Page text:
Community Service: Serving Each Other in Today’s Society
There are many young adults out there who lack self-esteem, confidence, a sense of
accomplishment or purpose, or simply a reason to get away from TV, computers, and video
games. They often don’t understand the value of community and the importance of team work.
Most teens also don’t realize how much lending a helping hand to others can also benefit them.
What could be done to teach teens the importance of helping others and build a sense of self-
confidence and worth? Community service is quick to remind anyone the importance of offering
help, working as a team and simply getting outside and active. These teens shouldn’t be assigned
to just anything. All of the participants in community service should have a voice in the activities
in which they are participating. Otherwise, it could make the whole experience a miserable one
and do just the opposite of what it is intended to do. There is a lot of stigma around mandatory
community service, but with flexible community service programs, positive promotion, and
choices, teens will be put on the right track.
A lot of stigma surrounds mandatory community service. Most people see it only as a
means of corrective punishment. There are many people who think community service should be
left to prisoners, and not to the youth of today. This poor attitude needs to be reversed by
education. Many teens believe what they hear from their parents, teachers, and mentors. With
this poor attitude on the matter, it’s no wonder teens may despise the idea of serving in the
community. Proper education and promotion is the key to a successful program. For example,
teens should see the results of community service. They should be able to see workers having a
good time and enjoying what they do. Young adults should also see that they would benefit from
serving in the community. This could all be done by providing introductory programs, attractive
pamphlets, peer communication, and so on. Once teens are educated about community services
and its benefits, the stigma will fade and they will be more willing to participate.
It’s important to remember the power of choice. There are numerous activities the teens
could participate in. Blood drives, children activity clubs, clean-ups, and mentoring are just a few
of the many things to choose from in community service. One who has a choice in what he or she
does as an extra activity will be happier while participating. Delgado states, “[…] a summary of
the literature on youth activities, found that youth benefit the most when they have an
opportunity to actively plan community-service projects that contribute to the welfare of
others[…]”.(127) When community service workers plan activities, a sense of ownership is built.
Since the ideas were their own, the activity belongs to the workers and they will likely work
much harder than they would if they were forced into the activity. Choosing an activity is just as
powerful as planning one. The ability to choose an activity will also encourage teens to
participate in multiple activities, which will broaden their horizons and abilities.
A lot of young people lack a good sense of self-esteem. It can be caused by criticism, the
media, the lack of activity, and so on. Many times all a teen needs to boost his or her self esteem
is a sense of purpose and direction. Studies have shown that productive individuals generally
have a higher self-esteem. (Joseph 1) Using community service as a way for teens to stay active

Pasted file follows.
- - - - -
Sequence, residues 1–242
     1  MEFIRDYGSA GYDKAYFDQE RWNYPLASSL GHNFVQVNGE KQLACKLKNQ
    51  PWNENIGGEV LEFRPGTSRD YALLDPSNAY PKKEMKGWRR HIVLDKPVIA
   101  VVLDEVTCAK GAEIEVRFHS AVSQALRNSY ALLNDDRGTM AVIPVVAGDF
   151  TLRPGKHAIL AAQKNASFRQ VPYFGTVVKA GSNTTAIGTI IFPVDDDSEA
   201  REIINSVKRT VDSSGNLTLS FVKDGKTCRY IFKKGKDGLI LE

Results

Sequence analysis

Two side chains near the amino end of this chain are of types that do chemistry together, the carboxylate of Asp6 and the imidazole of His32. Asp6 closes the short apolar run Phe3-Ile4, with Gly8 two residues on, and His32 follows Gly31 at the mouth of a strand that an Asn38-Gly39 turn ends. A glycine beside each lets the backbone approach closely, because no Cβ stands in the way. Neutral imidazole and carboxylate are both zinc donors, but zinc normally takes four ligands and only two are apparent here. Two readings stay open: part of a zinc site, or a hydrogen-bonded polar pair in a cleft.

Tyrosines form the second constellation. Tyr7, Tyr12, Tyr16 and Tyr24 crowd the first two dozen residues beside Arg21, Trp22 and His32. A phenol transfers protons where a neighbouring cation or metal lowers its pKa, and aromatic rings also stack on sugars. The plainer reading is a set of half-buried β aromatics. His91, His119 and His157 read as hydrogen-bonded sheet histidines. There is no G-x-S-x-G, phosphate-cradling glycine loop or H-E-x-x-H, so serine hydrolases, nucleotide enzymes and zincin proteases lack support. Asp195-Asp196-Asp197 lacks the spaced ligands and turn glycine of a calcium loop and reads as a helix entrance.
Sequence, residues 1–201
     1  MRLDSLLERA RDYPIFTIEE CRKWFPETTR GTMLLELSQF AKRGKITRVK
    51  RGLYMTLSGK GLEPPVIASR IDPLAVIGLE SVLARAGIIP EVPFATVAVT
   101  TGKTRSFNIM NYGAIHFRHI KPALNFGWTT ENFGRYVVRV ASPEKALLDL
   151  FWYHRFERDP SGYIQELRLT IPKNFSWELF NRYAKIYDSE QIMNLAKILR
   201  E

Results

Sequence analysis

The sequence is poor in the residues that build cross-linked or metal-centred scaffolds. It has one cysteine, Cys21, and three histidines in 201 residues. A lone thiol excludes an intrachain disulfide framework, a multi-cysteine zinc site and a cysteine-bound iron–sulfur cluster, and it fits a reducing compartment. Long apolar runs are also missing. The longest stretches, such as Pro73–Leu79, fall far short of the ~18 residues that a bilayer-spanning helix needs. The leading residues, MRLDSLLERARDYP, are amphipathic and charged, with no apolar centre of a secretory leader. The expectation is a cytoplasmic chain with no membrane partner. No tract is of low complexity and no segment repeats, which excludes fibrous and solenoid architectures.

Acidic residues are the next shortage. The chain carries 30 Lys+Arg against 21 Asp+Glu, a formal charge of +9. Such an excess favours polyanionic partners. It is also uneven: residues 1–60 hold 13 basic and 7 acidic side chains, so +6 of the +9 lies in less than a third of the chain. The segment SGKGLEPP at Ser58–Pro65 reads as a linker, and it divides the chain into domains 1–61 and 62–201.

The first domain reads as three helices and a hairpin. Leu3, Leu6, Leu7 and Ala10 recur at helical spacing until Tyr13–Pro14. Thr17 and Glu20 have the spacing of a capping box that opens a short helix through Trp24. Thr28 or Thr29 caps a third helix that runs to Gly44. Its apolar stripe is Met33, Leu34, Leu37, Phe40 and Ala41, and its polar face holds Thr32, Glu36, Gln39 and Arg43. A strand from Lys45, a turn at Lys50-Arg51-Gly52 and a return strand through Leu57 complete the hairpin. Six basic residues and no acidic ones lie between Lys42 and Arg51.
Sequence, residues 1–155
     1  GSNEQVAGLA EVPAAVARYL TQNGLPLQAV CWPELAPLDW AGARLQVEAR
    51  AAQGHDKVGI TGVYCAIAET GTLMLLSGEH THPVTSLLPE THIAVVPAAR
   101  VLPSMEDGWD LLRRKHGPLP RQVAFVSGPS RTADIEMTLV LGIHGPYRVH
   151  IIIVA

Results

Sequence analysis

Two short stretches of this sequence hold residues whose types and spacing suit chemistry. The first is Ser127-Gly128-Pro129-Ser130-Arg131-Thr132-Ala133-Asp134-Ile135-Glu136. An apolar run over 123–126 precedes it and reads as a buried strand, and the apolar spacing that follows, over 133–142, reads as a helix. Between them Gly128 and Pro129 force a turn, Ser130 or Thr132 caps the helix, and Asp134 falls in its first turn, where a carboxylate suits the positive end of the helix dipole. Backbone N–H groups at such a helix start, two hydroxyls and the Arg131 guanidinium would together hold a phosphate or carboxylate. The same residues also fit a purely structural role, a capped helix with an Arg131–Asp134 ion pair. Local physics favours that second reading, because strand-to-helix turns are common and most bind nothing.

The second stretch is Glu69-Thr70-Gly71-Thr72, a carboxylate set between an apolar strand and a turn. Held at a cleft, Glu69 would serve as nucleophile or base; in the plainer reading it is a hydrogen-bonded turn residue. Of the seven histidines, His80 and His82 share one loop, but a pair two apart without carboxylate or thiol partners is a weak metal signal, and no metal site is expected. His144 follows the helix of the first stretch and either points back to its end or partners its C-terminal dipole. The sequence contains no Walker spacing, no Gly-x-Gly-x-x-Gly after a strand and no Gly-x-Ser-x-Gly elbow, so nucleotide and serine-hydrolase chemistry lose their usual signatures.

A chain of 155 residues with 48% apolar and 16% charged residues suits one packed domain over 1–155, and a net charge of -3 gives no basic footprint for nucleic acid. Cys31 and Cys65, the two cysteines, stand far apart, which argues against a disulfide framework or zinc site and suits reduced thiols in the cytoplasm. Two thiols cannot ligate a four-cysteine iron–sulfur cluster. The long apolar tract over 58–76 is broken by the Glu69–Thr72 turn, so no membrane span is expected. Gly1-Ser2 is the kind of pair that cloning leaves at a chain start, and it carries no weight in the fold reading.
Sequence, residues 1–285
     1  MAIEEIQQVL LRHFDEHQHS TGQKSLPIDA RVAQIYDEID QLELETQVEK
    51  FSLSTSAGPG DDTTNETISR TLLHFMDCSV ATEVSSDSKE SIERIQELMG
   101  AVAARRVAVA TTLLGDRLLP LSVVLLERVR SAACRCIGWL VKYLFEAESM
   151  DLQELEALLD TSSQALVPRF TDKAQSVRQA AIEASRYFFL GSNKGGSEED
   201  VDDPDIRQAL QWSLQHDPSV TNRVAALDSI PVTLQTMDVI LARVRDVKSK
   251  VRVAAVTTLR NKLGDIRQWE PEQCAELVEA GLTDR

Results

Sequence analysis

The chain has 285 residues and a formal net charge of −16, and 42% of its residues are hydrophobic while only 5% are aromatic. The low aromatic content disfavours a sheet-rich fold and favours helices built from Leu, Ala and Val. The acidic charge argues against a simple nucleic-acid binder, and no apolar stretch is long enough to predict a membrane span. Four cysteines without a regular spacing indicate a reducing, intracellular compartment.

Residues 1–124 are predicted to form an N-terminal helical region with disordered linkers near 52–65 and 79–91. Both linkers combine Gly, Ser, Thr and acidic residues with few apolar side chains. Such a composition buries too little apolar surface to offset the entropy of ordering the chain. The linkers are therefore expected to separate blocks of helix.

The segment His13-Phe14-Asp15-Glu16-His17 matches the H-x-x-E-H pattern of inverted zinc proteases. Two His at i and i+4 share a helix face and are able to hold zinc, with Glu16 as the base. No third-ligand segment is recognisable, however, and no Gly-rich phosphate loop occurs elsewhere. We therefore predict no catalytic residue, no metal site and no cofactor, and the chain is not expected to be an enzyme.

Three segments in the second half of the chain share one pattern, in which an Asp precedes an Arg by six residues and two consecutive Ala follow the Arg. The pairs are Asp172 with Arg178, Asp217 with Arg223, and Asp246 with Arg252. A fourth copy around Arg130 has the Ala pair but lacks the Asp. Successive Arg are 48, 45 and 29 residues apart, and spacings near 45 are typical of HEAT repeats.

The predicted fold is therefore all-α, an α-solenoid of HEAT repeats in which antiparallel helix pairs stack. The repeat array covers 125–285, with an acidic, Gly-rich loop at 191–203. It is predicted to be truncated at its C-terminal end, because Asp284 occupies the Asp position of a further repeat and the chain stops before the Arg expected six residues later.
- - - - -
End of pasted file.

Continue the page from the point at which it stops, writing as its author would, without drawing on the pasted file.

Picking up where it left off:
is a great way for them to see the fruits of their efforts. When young adults see how much the
work they are putting forth really matters, it will boast their confidence. For example, if a small
town had grass growing in the sidewalk, trash lying about, and dirt everywhere, a group of teens
could plan a cleaning project. Such a project would beautify the town and would likely give the
group a sense of pride. The town would benefit by the work and maybe even be educated by the
teens actions. If there were a huge turn-around in appearance, then perhaps the rest of the
townspeople would help maintain the new condition of the small town. This would boost morale
even higher for the group and make all the work seem very worthwhile.
Another good point to mention is the fact teens would be busy. A lot of teens spend a ton
of time in from of their computers, televisions, or video games systems. A study conducted in
2003 concluded that an alarming 34% of teens were clinically obese. (Nichols and Good 169)
The sedentary lifestyle most Americans have adopted is devastating to overall well-being. When
teens are over-weight, they suffer in numerous ways. They are persecuted by their peers, which
results in a low self-esteem, depression, and anxiety. They lack the energy or drive to pursue an
activity because they lack physical fitness. Any kind of activity is good for someone’s health. If
teens get actively involved in community service, they will be on the go. If teens get moving and
realize how out of shape they are, then it may motivate them to do something about it. This will
promote exercise and proper diet, thus resulting in a healthier lifestyle.
Schools have been trying to incorporate teamwork into the classrooms, but it often
doesn’t work out as well as hoped. There have been numerous studies conducted on the matter
and only a small portion of teamwork exercises have worked in schools. (Thomas 1) When a
teamwork activity is academically based, it is difficult to pursue and most times it is difficult to
see any results. Actual physical labor shows more of an effect of one’s efforts. Therefore, some
type of community service where one is physically involved in an activity with a group of people
would teach teens how positive teamwork is. Then, they would later incorporate the idea into
other activities, thus making them well rounded and willing to work with others.
There are many young adults who leave high school and have no idea what the real world
is all about. Most teenagers only know a life where everything is structured, and there is no
question about what step to take next. Teens receive a schedule with their classes, books, a time
for lunch period, and often their extra activities are planned for them. Community service would
be a great place for teens to learn the importance of self-reliance. When a teen is provided a